Seeing Blessings and Curses

By Reb Daniel Lev

A white horse

רְאֵה, אָנֹכִי נֹתֵן לִפְנֵיכֶם הַיּוֹם:  בְּרָכָה, וּקְלָלָה.

“See! – I am setting before you today a blessing and a curse”

In the Torah-wisdom excavation business, we know, just like an archeologist, that everything you find, in this case every word, is a doorway to deeper discoveries. Whether the word is central to a sentence, such as the word “you” in the sentence, “you shall not murder,” or if the word seems superfluous to the line, such as the word “see” as in today’s parsha, where it says: “See! I’m setting before you…” The parsha starts us off by seeming to focus us on the last two words of the first sentence. That is, blessings and curses and what we need to do to acquire the first and avoid the second.

Rashi, the French-Jewish, medieval commentator, focused on this in his commentary and not on the word, “see.” On the one hand, this word sitting at the beginning of the sentence is odd. For some readers it is considered out of place. You don’t need the word “see” to understand the core message of the sentence, which is: “Today I’m putting before you a blessing and a curse.” On the other hand, according to our Mesora, our Tradition, every word in the Torah is sacred and is there to teach us something important. So then – what’s “see” doing there? Let’s look at the word, Re’ei – “to see.” It comes from the shoresh, the Hebrew root word, Ra’ah, which has meanings including “to see, observe, understand, feel, and perceive.” It is this last meaning that might teach us something interesting. First, a question: What makes a blessing a blessing and a curse a curse? The word Re’eh tells us that how we perceive a situation determines whether or not we’ll view something as a blessing or a curse. And how we see things guides our actions and has the potential of changing our lives for the bad or the good. The best way of Re-iya, of seeing this, is to tell you a couple of little stories.

Once upon a time in Old China, there was a farmer who had a spirited, teenage son. Each morning the farmer and his friends would meet on his farmhouse porch to share tea and talk before they began their day of work. One day while meeting they saw a beautiful horse wander onto the farmer’s land. He fetched the horse and apparently it had no owner. His friends said, “Oh what a blessing that you now own such a fine horse.” The farmer replied, “Yes, but sometimes a blessing can become a curse.”

The next day during their morning tea, they watched the farmer’s son riding the horse in the front yard. Suddenly, the horse bucked the son off and the boy fell hard on the dirt, breaking his leg. “Oh,” said the neighbors, “What a terrible curse.” As the farmer helped his son limp into the house, he said, “Sometimes a curse, can become a blessing.” A week later, the Emperor’s soldiers came to all the villages in the area and pressed into military service all the young men, who all soon died in a great battle. The farmer’s neighbors sadly met at his porch and saw his son sitting there with his leg up in a thick wrapping. “What a blessing,” they said, “that your son could not go to the war to die.” The farmer said, “Yes but a blessing may turn into a curse….”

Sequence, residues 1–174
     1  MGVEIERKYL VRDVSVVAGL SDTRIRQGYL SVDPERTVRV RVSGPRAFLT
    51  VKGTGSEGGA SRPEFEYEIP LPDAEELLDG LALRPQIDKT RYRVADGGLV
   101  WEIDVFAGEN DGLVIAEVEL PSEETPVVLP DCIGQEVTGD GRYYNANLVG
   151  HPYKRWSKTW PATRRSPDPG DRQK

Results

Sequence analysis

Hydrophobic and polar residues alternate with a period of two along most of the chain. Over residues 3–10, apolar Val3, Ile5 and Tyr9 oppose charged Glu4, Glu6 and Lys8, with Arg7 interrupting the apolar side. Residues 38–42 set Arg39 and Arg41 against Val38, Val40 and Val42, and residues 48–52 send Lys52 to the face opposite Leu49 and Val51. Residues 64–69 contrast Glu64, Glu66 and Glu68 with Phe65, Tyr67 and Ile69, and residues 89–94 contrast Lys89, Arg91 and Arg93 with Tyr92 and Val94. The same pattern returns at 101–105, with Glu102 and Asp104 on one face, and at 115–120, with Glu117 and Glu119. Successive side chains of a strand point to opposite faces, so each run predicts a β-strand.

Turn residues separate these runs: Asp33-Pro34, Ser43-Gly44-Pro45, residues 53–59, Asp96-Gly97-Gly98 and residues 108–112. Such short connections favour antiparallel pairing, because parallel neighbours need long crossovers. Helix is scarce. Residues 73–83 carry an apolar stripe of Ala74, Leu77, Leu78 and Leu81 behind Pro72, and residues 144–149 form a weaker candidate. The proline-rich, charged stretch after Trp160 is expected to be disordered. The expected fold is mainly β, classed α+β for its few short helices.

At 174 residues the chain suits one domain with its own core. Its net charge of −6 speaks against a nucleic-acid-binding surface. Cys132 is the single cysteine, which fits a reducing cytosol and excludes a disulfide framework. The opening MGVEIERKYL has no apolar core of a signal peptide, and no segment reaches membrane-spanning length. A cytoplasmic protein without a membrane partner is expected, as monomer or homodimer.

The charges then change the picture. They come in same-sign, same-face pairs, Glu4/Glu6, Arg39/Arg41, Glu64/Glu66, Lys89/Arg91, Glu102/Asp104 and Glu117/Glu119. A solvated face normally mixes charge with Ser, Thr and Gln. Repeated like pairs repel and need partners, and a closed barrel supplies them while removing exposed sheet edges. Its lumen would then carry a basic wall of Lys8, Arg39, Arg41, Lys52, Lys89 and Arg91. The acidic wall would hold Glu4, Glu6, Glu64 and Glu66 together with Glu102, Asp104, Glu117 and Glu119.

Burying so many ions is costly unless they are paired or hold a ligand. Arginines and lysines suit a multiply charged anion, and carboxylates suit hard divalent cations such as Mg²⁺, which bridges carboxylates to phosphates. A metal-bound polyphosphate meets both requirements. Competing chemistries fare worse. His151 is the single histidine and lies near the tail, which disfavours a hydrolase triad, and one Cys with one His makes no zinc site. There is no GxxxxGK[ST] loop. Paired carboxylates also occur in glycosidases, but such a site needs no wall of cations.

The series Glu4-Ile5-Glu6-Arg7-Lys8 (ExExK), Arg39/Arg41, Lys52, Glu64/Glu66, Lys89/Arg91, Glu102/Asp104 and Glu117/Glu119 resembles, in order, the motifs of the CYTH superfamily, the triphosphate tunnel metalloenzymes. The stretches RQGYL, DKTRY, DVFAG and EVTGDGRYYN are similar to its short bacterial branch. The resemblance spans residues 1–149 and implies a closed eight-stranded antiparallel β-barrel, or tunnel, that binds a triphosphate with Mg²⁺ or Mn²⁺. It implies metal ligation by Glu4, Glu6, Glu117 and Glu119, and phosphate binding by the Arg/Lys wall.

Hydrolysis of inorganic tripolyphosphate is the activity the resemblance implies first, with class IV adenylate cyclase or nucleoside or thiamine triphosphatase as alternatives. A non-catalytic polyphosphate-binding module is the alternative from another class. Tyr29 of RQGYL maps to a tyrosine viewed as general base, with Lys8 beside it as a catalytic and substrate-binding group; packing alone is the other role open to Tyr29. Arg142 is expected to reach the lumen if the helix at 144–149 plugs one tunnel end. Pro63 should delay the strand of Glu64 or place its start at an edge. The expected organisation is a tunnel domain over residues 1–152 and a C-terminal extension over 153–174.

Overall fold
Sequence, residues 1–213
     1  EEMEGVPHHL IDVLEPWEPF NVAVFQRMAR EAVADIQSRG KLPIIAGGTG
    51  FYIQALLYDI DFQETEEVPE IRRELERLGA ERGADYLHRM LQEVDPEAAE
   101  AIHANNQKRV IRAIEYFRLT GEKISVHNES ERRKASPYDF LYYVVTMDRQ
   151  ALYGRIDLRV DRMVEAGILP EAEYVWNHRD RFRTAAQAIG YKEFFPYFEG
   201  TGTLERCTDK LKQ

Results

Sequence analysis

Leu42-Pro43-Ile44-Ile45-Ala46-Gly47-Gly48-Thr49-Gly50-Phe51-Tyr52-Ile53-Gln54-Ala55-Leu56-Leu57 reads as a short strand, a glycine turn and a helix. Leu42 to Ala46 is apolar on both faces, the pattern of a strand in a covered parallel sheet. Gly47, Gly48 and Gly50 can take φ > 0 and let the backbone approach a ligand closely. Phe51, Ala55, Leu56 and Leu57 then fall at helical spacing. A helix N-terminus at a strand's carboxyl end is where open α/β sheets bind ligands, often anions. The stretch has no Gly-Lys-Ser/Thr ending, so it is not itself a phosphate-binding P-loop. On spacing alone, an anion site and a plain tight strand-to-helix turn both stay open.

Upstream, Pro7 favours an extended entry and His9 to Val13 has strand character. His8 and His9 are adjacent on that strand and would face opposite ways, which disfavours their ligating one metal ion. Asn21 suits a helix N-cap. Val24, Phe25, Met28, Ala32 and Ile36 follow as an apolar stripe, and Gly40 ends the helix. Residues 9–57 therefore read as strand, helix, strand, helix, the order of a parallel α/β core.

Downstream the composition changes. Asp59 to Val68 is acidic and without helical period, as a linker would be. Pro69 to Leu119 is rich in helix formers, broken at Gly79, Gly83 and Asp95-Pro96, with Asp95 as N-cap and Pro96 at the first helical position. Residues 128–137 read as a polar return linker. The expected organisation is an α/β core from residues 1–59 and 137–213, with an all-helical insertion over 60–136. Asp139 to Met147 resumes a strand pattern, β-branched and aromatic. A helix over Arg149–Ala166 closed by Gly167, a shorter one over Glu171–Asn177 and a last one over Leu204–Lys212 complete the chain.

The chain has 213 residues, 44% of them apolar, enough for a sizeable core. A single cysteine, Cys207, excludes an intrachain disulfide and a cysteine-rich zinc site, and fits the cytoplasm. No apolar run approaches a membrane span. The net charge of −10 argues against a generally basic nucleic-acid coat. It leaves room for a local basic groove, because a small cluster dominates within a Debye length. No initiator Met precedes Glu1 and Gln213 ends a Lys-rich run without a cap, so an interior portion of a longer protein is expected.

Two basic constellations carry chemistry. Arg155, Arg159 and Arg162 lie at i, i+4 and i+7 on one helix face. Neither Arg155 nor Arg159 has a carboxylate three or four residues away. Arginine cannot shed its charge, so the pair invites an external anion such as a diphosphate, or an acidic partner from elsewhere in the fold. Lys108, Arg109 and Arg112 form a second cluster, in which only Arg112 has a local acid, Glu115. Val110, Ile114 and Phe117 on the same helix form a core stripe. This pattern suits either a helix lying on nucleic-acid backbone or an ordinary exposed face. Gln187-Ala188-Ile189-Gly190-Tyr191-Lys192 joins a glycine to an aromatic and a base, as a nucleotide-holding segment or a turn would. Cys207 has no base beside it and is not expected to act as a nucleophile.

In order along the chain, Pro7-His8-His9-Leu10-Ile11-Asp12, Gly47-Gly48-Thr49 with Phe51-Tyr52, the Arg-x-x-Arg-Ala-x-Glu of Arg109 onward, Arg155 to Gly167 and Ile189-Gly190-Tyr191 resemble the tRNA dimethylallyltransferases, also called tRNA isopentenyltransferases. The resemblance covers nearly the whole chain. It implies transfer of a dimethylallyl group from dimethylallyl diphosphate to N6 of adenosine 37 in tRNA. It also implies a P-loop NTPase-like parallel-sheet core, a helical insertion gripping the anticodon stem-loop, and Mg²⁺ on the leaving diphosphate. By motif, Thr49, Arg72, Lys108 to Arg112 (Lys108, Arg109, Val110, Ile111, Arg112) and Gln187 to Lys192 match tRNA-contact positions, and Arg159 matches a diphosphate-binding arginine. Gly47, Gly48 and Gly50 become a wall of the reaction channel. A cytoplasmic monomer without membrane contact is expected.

Another story comes from the Midrash and tells of the High Priest Aaron who was a maker of peace. Once, two close friends had a screaming argument over practically nothing and this led them to part from one another for good. When Aaron heard about this, he came to the first friend and told him how much his friend regretted the argument and how much he missed him. Then Aaron went to the second friend and told him the same tale. Eventually, the friends met, and embraced with apologies and words of love for one another. These stories teach us a great deal about Re’eh, perceiving. In the Chinese story, situations have a way of opening up different ways of seeing for us.

Different ways of seeing allow us to adapt to the situation and help it become more a “blessing” than a “curse.” For example, before Covid hit us I would rarely do online tele-therapy session with my clients. I felt it was too impersonal and a hassle. Now, that’s all I do and I have discovered that this change in my work style, caused by the plague, has altered my life for the better. I no longer commute to work and clients tend to miss less appointments because they can see me in their living-room. So the curse of Covid-19 has created a bit of a blessing for me, especially when I changed my seeing to perceive it more fully. In Aaron’s story, the estranged friends were not speaking to one another due to an insignificant mashehu, a small crumb of negative seeing. Aaron demonstrated how one can influence the perceptions of others by shifting to bring about peace and renewed loving relationships. I’ll close by blessing you all – and please bless me back – that you should discover what seeing is all about for you. May your seeing help you to differentiate between the right thing to do and the wrong things to do. May you develop the ability to carefully see each situation and perceive its potential towards blessings in your life. May you clearly recognize the evil that looksreally good, and the good that presents itself as evil…and may we all learn from the curses inour lives how we can best pursue blessings.

Ameyn and Good Shabbos!

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